posted on 11 March 2017
Written by Sig Silber
The ENSO Cycle is probably the primary determinant of average weather conditions around the World. So a forecast of an El Nino for this next Winter is worth paying attention to. GEI finds these predictions are implausible and this Update explains why. Basically, there is insufficient time to develop what is called the Western Pacific Warm Pool. This report will explain.
This is intended to be a fairly brief (for this author) explanation as we will be monitoring the situation each week in our regular Weather and Climate Reports and monthly with the NOAA and JAMSTEC Seasonal Outlook Updates. But this is a special report on why we think these early forecasts are unlikely to turn out to be correct.
A. Explanation of ENSO Cycle and El Nino
First we need to discuss the ENSO Cycle and the three main phases which are El Nino, La Nina and Neutral.
Basically the ENSO Cycle is the process where warm water measured as a deviation from normal (and the normal - also called climatology - is warming) tends to accumulate at certain times in the western part of the Pacific along the Equator due to the persistent Easterlies which are related to the rotation of the Earth. At some point, that process is interrupted and the warm water moves to the eastern part of the Pacific, still moving along the Equator. When the water is to the west, the condition is called La Nina. When to the east it is El Nino. When the situation is between the two extremes, it is called ENSO Neutral. Very simple.
Warm water tends to evaporate more rapidly than cooler water. Moist warm air tends to rise, in a process called convection, forming clouds. Over cooler water, the air subsides and these areas tend to be dry areas. This process involving areas with rising air and areas with subsiding air is called the Walker Circulation and occurs along the Equator. But what happens on the Equator also spreads to the poles, first via what is called the Hadley Circulation. So by a series of interactions with other weather processes, including importantly the jet streams, the conditions in the Equatorial Pacific have a big influence on Worldwide weather. We focus on the Pacific even though there is a similar process in the Atlantic because the Pacific is wider and typically warmer than the Atlantic.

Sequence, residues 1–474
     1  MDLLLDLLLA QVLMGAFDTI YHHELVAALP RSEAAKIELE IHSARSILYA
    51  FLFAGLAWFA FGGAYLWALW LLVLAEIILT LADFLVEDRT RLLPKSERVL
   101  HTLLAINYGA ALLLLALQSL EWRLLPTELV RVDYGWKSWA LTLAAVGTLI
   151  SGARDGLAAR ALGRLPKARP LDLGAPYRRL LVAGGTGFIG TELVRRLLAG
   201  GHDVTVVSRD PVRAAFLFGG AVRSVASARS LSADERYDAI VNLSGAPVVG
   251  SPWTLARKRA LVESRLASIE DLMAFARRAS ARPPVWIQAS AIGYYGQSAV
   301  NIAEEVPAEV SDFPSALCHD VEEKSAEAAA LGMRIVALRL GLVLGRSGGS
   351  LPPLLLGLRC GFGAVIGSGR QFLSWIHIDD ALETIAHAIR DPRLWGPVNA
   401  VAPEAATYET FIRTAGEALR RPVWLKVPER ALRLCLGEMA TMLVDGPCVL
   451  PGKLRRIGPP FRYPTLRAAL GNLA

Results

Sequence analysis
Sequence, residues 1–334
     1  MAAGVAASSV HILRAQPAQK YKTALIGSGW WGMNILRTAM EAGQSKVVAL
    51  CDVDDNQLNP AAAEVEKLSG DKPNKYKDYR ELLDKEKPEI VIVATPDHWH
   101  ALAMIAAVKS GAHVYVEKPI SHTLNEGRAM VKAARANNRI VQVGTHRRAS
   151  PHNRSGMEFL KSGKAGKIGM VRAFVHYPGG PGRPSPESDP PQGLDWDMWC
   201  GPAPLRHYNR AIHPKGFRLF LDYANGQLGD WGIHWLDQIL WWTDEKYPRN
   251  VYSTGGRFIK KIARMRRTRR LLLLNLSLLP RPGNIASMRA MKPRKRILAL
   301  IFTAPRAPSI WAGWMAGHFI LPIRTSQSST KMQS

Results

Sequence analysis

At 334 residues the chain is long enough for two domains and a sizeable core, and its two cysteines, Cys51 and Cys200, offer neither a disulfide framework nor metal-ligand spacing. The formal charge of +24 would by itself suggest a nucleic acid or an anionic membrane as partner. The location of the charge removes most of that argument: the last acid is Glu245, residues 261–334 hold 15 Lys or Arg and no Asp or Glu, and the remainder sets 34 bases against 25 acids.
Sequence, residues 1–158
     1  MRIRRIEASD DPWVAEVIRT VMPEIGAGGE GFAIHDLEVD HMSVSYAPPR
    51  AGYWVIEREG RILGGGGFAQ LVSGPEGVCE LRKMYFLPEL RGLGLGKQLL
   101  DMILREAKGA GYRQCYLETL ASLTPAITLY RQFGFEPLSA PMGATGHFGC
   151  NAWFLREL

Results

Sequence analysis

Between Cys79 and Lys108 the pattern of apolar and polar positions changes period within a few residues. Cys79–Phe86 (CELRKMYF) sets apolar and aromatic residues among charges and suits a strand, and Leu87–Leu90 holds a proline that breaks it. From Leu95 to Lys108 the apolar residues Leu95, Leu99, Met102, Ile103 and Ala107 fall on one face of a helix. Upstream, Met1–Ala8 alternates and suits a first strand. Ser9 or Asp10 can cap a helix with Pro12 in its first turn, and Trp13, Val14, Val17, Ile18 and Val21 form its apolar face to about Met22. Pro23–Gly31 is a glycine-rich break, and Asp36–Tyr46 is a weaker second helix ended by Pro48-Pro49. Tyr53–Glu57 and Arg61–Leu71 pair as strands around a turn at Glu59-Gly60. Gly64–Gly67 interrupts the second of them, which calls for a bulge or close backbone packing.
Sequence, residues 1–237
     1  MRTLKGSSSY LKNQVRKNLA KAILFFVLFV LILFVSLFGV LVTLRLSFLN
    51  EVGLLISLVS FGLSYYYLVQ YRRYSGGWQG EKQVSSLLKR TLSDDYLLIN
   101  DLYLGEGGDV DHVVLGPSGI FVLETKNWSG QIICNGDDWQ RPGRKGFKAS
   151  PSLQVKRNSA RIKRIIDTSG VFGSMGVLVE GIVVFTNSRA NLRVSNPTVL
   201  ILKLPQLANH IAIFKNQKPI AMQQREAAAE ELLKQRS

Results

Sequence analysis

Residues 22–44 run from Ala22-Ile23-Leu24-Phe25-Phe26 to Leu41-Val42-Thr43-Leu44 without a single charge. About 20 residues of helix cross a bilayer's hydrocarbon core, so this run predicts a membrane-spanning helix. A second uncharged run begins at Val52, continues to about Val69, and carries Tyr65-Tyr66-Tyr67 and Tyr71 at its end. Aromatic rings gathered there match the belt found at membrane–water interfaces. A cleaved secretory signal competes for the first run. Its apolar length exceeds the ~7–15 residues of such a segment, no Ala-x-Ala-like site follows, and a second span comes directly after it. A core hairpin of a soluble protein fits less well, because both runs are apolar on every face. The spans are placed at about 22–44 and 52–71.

So to predict the phase of the ENSO cycle meteorologists focus first on:
A. the pattern of surface water temperatures along the Equator in the Pacific.
B. the extent to which the atmospheric patterns are reacting to the changing sea surface temperature pattern.
That is all there is to it until one deals with the details. And then it gets more complicated because one needs to be able to measure current conditions and forecast future conditions.
The current conditions are measured by determining the deviation of actual sea surface temperatures from seasonal norms (adjusted for Global Warming) in certain parts of the Equatorial Pacific. The below diagram shows those areas where measurements are taken..
NOAA focuses on a combined area which is all of Region Nino 3 and part of Region Nino 4 and it is called Nino 3.4. They focus on that area as they believe it provides the best correlation with future weather for the U.S. primarily the Continental U.S. not including Alaska which is abbreviated as CONUS. Not surprisingly, Asian Meteorological Agencies pay somewhat more attention to the western regions shown in this map as those areas are closer to Asia and have a larger impact on Asian and Australian weather patterns. This leads to different periods of time being categorized slightly differently with regards to the ENSO state by different meteorological agencies. There is an index probably available daily for all five of the areas shown above and certainly readily accessible for the Nino 3.4 area. When averaged over a three-month period, the Index for the Nino 3.4 Region is called the Ocean Nino Index (ONI) and a Google Search will lead to much information on the ONI.